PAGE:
John’s Jesus does hustle a sort of ecumenism, but it’s not really the sort we’ve come to associate with the term.. Example: John 10. The Good Shepherd has other sheep that are not of this fold. Jesus “leads” them too, but the point is not that he leads them back into one big sheepfold. It seems that they could stay where they are and still be “one” in this shepherd’s sheepfold. Oneness means that those sheep too be “faithful” as the “one” shepherd is “faithful” to them. The fundamental game is like ping-pong between shepherd and sheep. The common denominator of the sheep, a.k.a. their unity, is that they pong in response to the Shepherd’s ping. This is the ping-pong of oneness in Jesus’ Aramaic echad.

The fundamental danger–for Israel in the OT and for Jesus’s followers in John’s Gospel–is for the folks to run away from the ping-pong table. To desert Yahweh (back then) and THE Good Shepherd (now), to stop trusting the promissory voice of both Father and Son. The oneness–one thing needful for faithfulness–is to “keep hearing my voice and following (trusting) me.” The flock “scatters,” not when they get denominational brand names, but when they get out of earshot of the One (=faithful) Shepherd. No longer even hearing the ping, they cannot possibly pong.

Ecumenical unity under some world-wide umbrella is not what Jesus prays for in John 17. The nemeses to the faith are not differences in horizontal relations among his disciples. They are fractures in the (call it vertical?) God-trusting, Shepherd-listening department.

How does this impact the “world believing, the world knowing what God is offering in Jesus”? Can it be so simple as this? Faithful following of Jesus is what presents to the world the same Good Shepherd that he himself offered in that first generation, and that his sub-shepherds offer in subsequent generations, that someone somewhere offered–and keeps on offering–to us.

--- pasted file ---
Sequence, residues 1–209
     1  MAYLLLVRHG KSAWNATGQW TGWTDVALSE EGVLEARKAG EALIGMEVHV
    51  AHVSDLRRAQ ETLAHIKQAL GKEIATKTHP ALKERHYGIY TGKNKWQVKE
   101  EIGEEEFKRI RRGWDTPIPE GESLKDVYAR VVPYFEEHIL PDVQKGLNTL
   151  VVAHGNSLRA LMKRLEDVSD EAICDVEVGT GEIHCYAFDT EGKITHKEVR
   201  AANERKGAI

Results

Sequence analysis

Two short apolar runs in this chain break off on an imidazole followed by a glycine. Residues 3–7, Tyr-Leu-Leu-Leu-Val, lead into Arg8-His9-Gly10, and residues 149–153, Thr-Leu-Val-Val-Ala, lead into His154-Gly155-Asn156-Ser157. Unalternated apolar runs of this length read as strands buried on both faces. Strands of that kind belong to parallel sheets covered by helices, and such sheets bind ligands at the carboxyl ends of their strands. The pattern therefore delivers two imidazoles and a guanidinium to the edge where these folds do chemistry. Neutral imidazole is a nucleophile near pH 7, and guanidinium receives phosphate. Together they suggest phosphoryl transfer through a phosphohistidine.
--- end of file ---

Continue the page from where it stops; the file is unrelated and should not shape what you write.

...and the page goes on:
Were all Christians in the world to be “nice” to each other–granted that’s a super-minimal ecumenism–that would hardly have the clout to convince the world in its hard unbelief to trust the Good Shepherd, would it? What made him hard to believe then persists now as well. For John the offense is articulated by Thomas right after Easter: “How could a crucified Messiah be anybody’s God and Lord?” If he can’t save himself, how can he save others? And even if “they say” that he’s alive again, even if I grant that, how is that Good News for me? Hurray for Jesus, he made it! Where’s any spinoff from that for me? So it took a second visit. Jesus swapping his death-marks with Thomas–“touch here, touch there–for I did it all for you. Death-marks conquered. It’s for you. Your death-marks conquered too.” It doesn’t always work that way, but in Thomas’ case it did “You are my Lord and my God.”

The world does not come to “believe, to know” in any other way than that “they believe on Jesus through the disciples’ word.” That means “faithful” reportage of God’s faithfulness in Christ. Call it Gospel both in its indicative mood and imperative mood. “God was in Christ reconciling the world unto himself. Therefore be reconciled to God.”. Put into the language of echad: God is faithful. You be faith-full.

That’s not far from the one line on church unity in the Augsburg Confession. “For the true unity of the church it is enough that the Gospel be preached purely [=unencumbered by legalist add-ons] and the sacraments administered in congruence to this Gospel.” That’s what unites [one-ifies] folks to Christ, and hooked to him, they are ipso facto one-ified to each other. No add-ons needed.

Church unity is finally all about faith–on both sides of the ping-pong table. And I don’t say this merely because tomorrow is Reformation Day. It’s ping-pong faith. nThe ping is the singular faithfulness of God and the Son at “one” with their promises. The pong is the faith of Christ-trusters, at “one” with that promissory offer.

When the disciples are themselves echad (=faithful), then the world will know that Jesus is echad just as the Father is echad. Better, not “just as” the Father is echad, but that Jesus IS the Father being faithful. The courtroom drama in John’s entire Gospel is focused here: IS Jesus the ONENESS of Yahweh, (God keeping his promise) down here on the ground, or is he not? The only way the world will know what the verdict was in that trial–after Jesus goes to the Father–is the faithful witness of his disciples to Jesus’ reliability. As they (stealing from the Shema) “love THIS Lord their God with all their heart, soul and might? and let the world know what they are doing and why.

Isn’t that John’s proposal for ecumenism? Is there any better one?

Peace & Joy!
Ed Schroeder